The View from the Top

Leaping off the temple would have been quite a sight—the kind people seem to be compulsively attracted to. It would have gained everyone’s attention, word would have spread and Jesus would have gone viral in Jerusalem. But even for the undiscerning, there is a chasm of difference between Christ being displayed to Israel through the noble means of yielding to God at baptism, versus the flagrant sensationalism of something so reckless and void of purpose as jumping from the temple. One showed a God-honoring dependence and the other a sinful, self-promoting autonomy. One was being used by God and the other was using Him.

It's never dependence upon God when we put ourselves at the center of things.

Dependence is David refusing, not once, but twice, to take matters into his own hands and take the life of King Saul—even though the king was desperately seeking to murder him.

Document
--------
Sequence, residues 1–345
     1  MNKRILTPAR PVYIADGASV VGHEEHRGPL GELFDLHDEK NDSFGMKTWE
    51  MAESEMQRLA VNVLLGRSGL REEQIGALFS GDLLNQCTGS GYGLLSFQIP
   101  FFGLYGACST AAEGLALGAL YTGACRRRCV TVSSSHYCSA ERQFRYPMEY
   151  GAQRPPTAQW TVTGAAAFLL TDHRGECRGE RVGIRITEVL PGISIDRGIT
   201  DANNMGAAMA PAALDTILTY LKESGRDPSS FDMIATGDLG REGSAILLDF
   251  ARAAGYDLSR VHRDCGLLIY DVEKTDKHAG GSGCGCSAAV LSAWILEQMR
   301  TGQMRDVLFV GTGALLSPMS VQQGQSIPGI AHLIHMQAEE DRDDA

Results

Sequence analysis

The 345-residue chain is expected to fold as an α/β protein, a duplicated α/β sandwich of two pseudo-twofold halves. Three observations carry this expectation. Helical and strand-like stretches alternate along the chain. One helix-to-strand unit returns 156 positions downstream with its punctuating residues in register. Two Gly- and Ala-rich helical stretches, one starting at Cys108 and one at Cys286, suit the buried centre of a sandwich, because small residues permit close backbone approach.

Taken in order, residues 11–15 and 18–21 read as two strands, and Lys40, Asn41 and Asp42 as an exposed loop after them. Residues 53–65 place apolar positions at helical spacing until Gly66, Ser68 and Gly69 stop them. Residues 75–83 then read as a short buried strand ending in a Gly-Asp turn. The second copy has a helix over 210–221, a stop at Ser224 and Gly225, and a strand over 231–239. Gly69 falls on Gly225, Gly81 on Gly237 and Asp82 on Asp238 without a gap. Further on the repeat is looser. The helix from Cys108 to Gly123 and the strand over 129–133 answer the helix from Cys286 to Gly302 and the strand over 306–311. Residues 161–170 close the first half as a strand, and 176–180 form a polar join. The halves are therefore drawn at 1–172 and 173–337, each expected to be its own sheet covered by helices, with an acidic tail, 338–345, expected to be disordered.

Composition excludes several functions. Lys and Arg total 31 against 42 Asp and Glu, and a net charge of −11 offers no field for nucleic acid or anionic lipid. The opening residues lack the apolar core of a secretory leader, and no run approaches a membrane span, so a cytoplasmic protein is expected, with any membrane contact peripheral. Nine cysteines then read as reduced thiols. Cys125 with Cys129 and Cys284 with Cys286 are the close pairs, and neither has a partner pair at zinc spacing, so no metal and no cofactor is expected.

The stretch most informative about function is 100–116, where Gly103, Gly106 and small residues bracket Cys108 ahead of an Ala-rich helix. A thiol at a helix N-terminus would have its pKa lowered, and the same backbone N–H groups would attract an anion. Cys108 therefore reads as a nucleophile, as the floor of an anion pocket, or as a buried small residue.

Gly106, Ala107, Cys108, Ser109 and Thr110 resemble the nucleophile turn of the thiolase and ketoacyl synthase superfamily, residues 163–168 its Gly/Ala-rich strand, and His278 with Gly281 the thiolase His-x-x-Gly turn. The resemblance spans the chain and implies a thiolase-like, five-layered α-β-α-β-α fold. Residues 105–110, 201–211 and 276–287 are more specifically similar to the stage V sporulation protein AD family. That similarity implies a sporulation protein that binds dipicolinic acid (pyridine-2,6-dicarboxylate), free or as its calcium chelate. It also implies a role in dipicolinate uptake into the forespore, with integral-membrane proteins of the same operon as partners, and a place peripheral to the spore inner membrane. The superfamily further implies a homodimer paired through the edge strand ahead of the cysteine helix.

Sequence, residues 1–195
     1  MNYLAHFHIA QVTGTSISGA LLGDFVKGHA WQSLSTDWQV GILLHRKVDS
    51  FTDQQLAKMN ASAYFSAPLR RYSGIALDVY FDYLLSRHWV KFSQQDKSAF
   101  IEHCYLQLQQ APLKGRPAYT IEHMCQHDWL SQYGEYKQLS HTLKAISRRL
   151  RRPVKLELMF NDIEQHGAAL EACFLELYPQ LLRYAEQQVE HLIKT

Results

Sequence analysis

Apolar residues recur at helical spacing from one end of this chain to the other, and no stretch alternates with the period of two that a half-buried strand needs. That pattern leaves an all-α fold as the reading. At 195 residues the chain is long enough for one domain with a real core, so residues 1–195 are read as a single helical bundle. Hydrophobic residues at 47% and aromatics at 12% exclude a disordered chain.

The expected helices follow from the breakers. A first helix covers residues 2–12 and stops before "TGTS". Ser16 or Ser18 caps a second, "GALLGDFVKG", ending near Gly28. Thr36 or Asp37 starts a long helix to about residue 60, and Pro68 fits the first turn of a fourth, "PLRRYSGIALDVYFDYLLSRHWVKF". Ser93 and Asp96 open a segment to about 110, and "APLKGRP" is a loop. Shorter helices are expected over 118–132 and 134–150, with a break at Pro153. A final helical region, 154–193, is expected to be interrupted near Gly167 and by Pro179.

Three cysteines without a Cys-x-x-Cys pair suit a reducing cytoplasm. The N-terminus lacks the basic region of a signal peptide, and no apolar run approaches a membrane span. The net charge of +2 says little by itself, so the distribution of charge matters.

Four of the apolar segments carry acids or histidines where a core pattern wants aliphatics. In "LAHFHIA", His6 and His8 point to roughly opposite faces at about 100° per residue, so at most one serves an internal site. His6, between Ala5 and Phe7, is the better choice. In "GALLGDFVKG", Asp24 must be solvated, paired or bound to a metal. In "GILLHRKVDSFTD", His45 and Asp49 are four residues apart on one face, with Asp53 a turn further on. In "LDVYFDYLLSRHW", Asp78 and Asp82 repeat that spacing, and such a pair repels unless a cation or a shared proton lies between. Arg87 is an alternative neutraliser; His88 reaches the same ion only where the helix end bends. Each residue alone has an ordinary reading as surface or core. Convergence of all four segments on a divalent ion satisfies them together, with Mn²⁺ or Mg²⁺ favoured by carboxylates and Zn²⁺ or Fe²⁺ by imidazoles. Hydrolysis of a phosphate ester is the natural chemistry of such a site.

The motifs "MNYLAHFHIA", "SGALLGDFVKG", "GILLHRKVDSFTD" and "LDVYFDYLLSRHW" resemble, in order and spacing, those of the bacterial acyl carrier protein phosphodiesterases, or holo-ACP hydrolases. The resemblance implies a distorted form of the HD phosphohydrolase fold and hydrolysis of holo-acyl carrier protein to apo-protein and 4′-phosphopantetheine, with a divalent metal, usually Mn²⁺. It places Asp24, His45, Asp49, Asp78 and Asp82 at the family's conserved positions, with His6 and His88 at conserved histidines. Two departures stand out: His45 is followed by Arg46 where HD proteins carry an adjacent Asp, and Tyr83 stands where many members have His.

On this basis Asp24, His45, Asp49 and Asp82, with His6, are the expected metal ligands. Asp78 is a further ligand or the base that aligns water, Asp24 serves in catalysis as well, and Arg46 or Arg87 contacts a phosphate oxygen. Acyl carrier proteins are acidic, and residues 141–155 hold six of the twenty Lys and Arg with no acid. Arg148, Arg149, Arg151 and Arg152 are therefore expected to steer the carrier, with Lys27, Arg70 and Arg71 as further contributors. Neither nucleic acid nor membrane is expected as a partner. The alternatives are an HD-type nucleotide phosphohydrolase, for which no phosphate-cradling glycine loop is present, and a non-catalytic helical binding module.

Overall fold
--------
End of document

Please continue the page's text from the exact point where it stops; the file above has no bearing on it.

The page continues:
It is Ruth pledging to follow Naomi’s God unconditionally.

It is Paul learning to delight in his thorn in the flesh.

It is Moses telling God he didn’t want to go to the promised land if God didn’t go with them.

It is us asking God each day to provide for us.

The view from the top is as seductive as it is spectacular. Whether it’s the pinnacle of the temple, our career, our health or our family—it can whisper tempting things to us that we’d like to believe but aren’t true: that life will always be this way, that trusting God will always be easy and that it’s God’s will that everything remain as it is. Our current wilderness has taught us better. Wanting to leave it is a fine thing we all desire. But learning to live with a growing dependence upon God no matter where we are is true joy. 

I have learned the secret of being content in any and every situation, whether well fed or hungry, whether living in plenty or in want. I can do all this through Him who gives me strength. (Philippians 4:12-13)

Back to Dealing with the pandemic

Back to Home

hit counter